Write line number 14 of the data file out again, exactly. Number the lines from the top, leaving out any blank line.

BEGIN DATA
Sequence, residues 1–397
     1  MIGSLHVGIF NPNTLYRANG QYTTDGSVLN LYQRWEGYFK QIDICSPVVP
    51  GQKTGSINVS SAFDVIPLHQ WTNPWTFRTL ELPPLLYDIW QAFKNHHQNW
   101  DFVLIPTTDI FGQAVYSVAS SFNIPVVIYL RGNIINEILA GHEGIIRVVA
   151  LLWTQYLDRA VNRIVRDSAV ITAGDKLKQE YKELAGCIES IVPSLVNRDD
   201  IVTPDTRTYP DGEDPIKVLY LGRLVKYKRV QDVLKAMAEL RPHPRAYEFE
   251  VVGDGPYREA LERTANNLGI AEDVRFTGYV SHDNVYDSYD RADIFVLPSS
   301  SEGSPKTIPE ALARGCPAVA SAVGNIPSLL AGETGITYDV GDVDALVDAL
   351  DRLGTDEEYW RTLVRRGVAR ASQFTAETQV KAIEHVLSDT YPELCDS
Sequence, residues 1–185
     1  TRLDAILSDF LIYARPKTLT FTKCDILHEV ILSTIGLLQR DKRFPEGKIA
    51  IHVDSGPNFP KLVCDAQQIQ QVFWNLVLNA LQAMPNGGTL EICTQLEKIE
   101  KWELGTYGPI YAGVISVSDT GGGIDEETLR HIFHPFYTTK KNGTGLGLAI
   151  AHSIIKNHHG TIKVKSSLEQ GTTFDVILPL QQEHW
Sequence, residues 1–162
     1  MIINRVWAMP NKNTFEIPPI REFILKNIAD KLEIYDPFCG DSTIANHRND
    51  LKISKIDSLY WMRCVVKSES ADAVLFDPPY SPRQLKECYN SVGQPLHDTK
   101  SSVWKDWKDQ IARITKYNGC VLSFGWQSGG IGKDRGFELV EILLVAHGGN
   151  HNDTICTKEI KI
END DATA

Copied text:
   151  AHSIIKNHHG TIKVKSSLEQ GTTFDVILPL QQEHW